Today’s Review Hearing:
37. At this paper hearing, Ms Simpson, for the HCPC, in her written submissions, reminded the Panel of the background to this case and accepted that the Registrant had engaged in the regulatory process and demonstrated that some insight and remorse had developed over time. Ms Simpsons reminded the Panel that the Registrant had previously declined to pursue a Voluntary Removal Agreement (VRA) in November and December 2018.
38. Ms Simpson also reminded the Panel that this was the eighth review. She drew the Panel’s attention to paragraphs 121 and 131 of the HCPC 'Sanctions Policy’ (2019) and submitted that suspension was no longer appropriate and a Striking Off Order was the only appropriate sanction, should there be no alternative.
39. Ms Simpson submitted that there was an alternative, now fully explored and completed; this was for a Voluntary Removal Agreement (VRA). The Registrant had agreed to it and had signed the document on 1 March 2020. Furthermore, she had obtained a letter from her General Practitioner, Dr Hayward, dated 6 April 2020, addressing her health issues. In addition, the Registrant had fully cooperated with the VRA process.
40. Ms Simpson sought a VRA today, rather than a Striking Off Order, as this would be proportionate and fair to the Registrant, reflecting the progress she has made since 2012 towards reflection, remediation and remorse, whilst also taking into account her severely detrimental personal circumstances in that time frame.
41. The Panel noted that it had before it a signed VRA, as well as the letter from her GP about her health condition. The Panel noted that Dr Hayward, her GP, had outlined the position in his letter, about the Registrant’s former problems. The Panel concluded that these remaining health issues outlined obliquely by her GP reveals a real risk of repetition and therefore a risk to service users, should the Registrant be declared fit to practise.
42. The Panel took into consideration the reflection and regret expressed by the Registrant, in her one October 2019 reflective piece. The Panel also concluded that the Registrant, by signing the VRA with her union representative advising her, has now finally understood that the effect of a VRA will be immediate and will prevent her from working as an ODP in the future and that any return to practice will require her to apply for Restoration, a challenging process for any former Registrant.
43. The Panel determined that the Registrant is still impaired, albeit that she has taken some steps to overcome her problems in the face of severe personal problems. In that process, the Panel determined that the Registrant had displayed some genuine remorse and had made some inroads to remediate. However, in the Panel’s opinion, the Registrant’s efforts have fallen far short of what would be required to fully remediate her position and it has come after too many years (nearly 6 years, and after seven previous Reviews), during which time it is clear that she has been preoccupied with her infant’s health conditions.
44. Furthermore, the Registrant’s remediation is incomplete to a degree that would make it disproportionate to public protection and to the public interest to extend further any more time of suspension to achieve full remediation so as to be able the Registrant to practice in a safe and effective manner. In the Panel’s view, the Registrant continues to be at a risk of repetition of her failings and, therefore, it follows that she is still a high risk to the health, safety and well-being of the public, if permitted to return to restricted or unrestricted practise as an ODP.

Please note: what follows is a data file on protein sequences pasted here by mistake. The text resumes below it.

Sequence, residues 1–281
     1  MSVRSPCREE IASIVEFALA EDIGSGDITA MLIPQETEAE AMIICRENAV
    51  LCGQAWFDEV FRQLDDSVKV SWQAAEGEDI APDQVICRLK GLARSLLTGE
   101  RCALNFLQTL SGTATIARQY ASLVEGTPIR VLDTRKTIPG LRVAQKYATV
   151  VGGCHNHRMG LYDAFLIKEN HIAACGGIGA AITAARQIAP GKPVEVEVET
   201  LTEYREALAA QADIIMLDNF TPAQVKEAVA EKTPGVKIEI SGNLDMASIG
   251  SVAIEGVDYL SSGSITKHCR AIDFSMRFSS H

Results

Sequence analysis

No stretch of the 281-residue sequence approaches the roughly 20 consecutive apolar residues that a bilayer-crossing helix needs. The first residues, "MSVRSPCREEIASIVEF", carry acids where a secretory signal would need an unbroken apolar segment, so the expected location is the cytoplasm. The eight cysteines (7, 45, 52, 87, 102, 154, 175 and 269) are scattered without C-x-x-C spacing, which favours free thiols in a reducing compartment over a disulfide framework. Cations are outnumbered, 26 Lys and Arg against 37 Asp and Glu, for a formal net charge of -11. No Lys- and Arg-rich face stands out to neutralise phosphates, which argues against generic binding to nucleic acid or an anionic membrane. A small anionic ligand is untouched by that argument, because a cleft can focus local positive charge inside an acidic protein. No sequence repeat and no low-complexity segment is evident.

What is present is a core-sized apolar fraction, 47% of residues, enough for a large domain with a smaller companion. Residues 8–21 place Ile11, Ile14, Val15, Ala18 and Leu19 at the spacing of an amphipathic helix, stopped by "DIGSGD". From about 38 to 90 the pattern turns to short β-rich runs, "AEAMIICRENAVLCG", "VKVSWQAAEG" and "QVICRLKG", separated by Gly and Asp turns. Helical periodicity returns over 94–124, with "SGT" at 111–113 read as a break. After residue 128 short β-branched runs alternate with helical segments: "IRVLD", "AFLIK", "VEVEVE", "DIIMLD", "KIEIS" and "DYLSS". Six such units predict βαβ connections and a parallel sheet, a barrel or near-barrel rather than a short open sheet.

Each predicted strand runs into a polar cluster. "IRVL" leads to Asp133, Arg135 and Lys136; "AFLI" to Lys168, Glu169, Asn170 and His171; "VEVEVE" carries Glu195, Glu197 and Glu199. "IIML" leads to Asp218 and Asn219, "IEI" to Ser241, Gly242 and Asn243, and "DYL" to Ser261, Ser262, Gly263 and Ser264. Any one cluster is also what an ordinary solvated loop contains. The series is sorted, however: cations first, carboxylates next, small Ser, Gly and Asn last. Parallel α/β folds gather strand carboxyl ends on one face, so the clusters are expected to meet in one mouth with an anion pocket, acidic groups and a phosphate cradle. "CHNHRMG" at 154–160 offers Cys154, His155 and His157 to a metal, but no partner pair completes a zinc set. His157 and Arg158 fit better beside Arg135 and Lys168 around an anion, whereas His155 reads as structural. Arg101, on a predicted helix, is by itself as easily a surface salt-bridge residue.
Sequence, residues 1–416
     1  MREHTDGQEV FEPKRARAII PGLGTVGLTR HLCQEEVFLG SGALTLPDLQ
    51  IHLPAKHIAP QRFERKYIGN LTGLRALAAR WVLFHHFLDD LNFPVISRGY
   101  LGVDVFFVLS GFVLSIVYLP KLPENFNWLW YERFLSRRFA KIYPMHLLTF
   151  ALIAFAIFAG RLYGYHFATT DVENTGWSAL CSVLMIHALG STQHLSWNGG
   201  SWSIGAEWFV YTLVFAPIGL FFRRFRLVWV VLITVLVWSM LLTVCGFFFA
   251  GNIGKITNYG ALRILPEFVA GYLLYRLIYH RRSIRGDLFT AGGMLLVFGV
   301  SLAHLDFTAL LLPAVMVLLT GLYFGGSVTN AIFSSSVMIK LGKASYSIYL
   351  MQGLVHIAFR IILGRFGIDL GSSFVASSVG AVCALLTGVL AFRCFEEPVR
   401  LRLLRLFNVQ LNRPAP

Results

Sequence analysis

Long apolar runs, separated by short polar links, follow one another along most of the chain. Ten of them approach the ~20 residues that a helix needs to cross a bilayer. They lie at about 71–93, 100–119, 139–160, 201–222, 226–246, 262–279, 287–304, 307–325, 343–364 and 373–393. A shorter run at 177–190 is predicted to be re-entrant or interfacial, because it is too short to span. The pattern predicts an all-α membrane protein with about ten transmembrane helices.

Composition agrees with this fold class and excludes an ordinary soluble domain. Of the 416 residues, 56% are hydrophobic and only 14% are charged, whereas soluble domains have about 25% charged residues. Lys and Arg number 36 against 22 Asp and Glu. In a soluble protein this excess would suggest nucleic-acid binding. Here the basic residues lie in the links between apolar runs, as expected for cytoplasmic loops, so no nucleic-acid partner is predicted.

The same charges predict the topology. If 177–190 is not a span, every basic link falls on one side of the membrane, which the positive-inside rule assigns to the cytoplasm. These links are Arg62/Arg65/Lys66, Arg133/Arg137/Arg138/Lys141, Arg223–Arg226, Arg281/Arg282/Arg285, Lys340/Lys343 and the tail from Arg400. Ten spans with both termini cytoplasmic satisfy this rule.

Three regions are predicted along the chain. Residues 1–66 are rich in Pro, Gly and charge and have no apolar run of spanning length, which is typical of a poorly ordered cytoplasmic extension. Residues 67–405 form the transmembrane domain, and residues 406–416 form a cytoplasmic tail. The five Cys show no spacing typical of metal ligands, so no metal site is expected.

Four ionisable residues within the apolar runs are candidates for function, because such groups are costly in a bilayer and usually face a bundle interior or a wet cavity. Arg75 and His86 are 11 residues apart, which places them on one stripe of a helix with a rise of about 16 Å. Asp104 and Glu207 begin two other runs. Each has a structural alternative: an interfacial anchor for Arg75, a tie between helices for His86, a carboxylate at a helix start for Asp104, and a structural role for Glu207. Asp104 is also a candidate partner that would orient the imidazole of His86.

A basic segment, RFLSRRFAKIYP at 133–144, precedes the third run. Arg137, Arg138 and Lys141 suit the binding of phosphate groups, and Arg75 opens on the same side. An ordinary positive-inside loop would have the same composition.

Disposal by Consent
45. In determining the matter today, in the Panel’s judgement, the imposition and acceptance by this Panel of the VRA was the only proportionate and appropriate outcome. The balance between protecting the public and upholding the wider public interest against the interests of the Registrant could be properly and proportionately taken by allowing the VRA. This also takes into account that a VRA is sought by the HCPC and is also the Registrant’s wish as an outcome to this hearing. In the Panel’s judgement, a VRA would reflect fairly and humanely all that the Registrant has done to address the issues identified by this case, albeit falling far short of what was required for full remediation. The previous Panel indicated that it had given the Registrant one last chance to embrace a VRA and complete the process, hence its unusual Order in extending the existing Suspension Order for one last time. This Panel noted that the Registrant has done exactly that and has finally accepted this outcome and has caused the VRA process to be completed.
46. In the Panel’s judgement, a VRA would ensure that the public was protected from Registrant working as an ODP again and it would uphold the public’s confidence in the profession and in the regulatory process, as reflecting the profound concern that the public, fully informed of the case details to date, would feel if the Registrant were to be permitted to return to practice in the future. This was a serious case of dishonest misconduct, involving the repeated theft by the Registrant of medications, compounded by the falsification of the patients’ records.
47. In the Panel’s judgement, the only other alternative at this stage, after nearly 6 years on an extended Suspension Order, would be that of a Striking Off Order. The Panel determined that this would be disproportionate, unfair and punitive, as the VRA is a better alternative that has the same outcome and would also allow the principle of fairness and compassion to reflect the Registrant’s own efforts to try to overcome her problems.
Order: The Registrar is directed to remove the name of Miss Rebecca Overton-Applebee from the Register with immediate effect.
No notes available
History of Hearings for Miss Rebecca J D Overton-Applebee
|Outcomes / Status
|Conduct and Competence Committee
|Voluntary Removal agreed
|Conduct and Competence Committee